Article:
The Black Hairstreak is a small and rare butterfly.  In the UK it can only be found in a narrow band of woodland stretching from Peterborough to Oxford, it also has one of the shortest flight periods, only 2 to 3 weeks in mid-June.  When I visited last year I struggled to see two in an afternoon, this year has been a record emergence and there was over twenty around their favourite dewberry bushes when the sun shone.  Unlike most butterflies the Hairstreaks are very approachable allowing for some great photo opportunities.

Hairstreak heaven

The Black Hairstreak spends most of the day in the tops of trees or scrub feeding on aphid honeydew.  They need banks of blackthorn in sunny spots to lay their eggs on, the egg overwinters and the caterpillar hatches in spring.  The adults have a wingspan of 35-40mm (about 1 1/2 inches).

Green Hairstreak

After last weekend’s glorious weather things have gone downhill, rapidly, here in north Norfolk.  So much so that a warning is in place for possible flooding, up to 70mm (nearly 3 inches) of rain and gale force northerly winds overnight and into tomorrow, it is also cold!  I have decided to do a post on what was a popular butterfly from last weeks post, the Green Hairstreak ( Callophrys rubi).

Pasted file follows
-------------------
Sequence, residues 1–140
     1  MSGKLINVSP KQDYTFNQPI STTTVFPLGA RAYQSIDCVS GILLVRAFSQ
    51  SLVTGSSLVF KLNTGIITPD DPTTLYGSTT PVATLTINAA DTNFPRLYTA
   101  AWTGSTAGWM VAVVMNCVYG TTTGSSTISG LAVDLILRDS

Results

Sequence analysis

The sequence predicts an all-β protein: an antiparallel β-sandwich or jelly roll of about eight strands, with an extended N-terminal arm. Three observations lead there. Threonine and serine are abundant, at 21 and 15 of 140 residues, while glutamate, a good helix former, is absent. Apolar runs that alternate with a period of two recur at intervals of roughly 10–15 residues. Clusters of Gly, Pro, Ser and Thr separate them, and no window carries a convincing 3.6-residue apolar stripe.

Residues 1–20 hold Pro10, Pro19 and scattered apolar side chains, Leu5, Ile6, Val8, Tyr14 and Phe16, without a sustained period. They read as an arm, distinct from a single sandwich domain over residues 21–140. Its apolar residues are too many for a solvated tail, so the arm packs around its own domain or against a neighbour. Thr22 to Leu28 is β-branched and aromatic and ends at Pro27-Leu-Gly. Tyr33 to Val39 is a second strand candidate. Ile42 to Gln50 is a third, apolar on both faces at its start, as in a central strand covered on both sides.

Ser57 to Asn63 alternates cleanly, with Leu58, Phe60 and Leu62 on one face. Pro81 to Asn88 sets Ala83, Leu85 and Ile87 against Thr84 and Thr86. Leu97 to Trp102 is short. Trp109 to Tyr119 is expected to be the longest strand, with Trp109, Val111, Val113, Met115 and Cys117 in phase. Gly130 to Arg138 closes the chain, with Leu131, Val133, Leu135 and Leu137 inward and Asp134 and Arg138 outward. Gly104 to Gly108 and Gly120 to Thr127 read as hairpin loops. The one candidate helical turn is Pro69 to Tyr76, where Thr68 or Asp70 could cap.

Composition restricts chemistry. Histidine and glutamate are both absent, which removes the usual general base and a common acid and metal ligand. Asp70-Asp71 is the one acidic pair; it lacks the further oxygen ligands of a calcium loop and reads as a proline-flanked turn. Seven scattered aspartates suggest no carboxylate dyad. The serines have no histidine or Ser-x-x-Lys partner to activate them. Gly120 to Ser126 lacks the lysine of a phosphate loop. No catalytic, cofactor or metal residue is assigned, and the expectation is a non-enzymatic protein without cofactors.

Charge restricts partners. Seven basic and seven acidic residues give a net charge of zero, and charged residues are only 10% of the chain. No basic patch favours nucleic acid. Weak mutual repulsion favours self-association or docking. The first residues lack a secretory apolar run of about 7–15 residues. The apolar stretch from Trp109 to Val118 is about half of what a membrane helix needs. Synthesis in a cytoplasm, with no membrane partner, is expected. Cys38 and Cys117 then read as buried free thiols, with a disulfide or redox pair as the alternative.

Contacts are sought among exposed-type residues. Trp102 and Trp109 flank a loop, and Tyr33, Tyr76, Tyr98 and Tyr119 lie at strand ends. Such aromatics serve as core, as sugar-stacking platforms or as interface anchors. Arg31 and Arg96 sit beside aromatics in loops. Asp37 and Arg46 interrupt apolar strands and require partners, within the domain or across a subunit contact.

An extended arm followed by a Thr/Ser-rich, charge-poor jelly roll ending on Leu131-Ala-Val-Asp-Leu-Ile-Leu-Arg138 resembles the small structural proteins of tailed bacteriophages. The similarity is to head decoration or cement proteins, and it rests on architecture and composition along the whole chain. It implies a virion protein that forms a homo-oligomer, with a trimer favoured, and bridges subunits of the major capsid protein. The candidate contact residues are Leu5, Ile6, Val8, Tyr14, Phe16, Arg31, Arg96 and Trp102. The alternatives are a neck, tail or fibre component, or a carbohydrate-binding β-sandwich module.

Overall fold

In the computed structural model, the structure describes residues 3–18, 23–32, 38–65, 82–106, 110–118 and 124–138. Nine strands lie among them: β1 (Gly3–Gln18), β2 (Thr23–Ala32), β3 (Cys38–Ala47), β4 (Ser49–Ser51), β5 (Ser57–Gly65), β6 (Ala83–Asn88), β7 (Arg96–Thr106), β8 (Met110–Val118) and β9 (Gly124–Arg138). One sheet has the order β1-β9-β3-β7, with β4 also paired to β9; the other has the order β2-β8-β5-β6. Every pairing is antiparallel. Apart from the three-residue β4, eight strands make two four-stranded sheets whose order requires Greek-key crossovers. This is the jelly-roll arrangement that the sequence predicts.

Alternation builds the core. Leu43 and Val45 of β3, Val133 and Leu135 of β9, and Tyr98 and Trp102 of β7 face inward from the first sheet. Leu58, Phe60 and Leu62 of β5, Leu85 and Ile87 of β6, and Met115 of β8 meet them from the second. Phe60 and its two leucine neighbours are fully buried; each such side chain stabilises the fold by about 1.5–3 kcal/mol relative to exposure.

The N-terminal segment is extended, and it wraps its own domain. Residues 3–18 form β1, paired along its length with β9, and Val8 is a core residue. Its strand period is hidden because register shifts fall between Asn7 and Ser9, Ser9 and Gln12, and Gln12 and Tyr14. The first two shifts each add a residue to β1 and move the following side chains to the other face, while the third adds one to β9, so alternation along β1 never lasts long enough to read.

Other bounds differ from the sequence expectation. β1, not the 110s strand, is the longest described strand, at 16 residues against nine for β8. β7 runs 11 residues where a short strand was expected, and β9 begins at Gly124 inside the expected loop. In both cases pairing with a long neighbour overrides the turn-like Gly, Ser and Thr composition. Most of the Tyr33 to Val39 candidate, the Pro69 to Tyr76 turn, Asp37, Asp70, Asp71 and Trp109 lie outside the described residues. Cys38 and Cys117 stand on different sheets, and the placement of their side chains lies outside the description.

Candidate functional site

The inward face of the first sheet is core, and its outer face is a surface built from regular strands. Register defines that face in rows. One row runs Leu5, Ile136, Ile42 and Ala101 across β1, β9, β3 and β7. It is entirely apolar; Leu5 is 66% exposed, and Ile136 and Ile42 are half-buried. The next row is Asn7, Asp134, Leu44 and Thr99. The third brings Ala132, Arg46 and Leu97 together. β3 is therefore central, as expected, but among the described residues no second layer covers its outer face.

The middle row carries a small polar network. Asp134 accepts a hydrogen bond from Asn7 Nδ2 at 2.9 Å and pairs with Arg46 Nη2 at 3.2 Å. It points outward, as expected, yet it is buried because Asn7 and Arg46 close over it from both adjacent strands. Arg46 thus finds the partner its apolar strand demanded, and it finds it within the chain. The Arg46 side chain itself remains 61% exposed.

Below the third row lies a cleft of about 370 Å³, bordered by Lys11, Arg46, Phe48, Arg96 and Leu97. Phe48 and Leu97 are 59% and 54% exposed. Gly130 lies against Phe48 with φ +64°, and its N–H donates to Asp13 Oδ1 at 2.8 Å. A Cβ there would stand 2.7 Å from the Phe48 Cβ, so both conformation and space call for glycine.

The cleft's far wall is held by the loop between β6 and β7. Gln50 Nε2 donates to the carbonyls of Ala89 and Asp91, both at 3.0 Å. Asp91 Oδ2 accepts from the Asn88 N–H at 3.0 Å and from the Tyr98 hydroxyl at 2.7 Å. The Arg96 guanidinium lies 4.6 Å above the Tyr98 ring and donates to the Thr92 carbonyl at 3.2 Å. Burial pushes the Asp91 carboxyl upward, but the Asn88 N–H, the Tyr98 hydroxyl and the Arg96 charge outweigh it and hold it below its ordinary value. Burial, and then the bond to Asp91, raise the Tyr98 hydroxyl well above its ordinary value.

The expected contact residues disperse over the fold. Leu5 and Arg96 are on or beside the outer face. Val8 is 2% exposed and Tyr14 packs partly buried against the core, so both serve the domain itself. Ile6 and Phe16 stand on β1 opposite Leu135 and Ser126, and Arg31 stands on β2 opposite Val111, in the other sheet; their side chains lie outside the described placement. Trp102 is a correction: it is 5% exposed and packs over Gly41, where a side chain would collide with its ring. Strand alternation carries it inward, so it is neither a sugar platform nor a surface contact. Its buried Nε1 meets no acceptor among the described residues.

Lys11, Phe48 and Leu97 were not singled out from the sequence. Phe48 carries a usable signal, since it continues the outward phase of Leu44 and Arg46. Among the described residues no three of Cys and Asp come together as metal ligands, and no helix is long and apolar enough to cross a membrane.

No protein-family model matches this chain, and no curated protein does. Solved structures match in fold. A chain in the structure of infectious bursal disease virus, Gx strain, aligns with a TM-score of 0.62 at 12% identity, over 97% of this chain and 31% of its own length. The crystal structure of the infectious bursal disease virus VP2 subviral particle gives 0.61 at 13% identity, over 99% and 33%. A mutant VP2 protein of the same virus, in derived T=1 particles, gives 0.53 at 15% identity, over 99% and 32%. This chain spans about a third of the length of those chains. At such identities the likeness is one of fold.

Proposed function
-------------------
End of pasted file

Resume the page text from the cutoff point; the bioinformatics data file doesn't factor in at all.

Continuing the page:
The Green Hairstreak, cuteness personified

If Walt Disney was to use a butterfly for a cartoon what better candidate.  Just look at those big innocent eyes and cute striped legs and antenna, but this fellow has a vicious temper!  It is a small butterfly, wingspan 27 – 34mm  1 to 1 1/2 inches.  It can be found in  small colonies of up to 12 individuals (sometimes more) in a variety of scrubby  habitat like gorse commons, moorland, embankments and valley bottoms.  In Europe the range is from Lapland to the Med.

This is the UK’s only true green butterfly and because of the colour is very hard to spot, the upperwing is dark brown but they always rest with the wings closed.  When you do locate Green Hairsreaks they are very easy to approach and photograph.  The males sit on favorite perches waiting for a female, if another male passes a battle ensues!  They also attack other butterflies and insects, last week it was the Holly Blues that were chased away, because of this their wings soon become battle scarred.

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From 2017

These butterflies start to appear in mid-April and can be found into June.  They are great fun to watch, last week I spent over an hour amused by the antics of the one I found and was able to photograph it from only a few inches.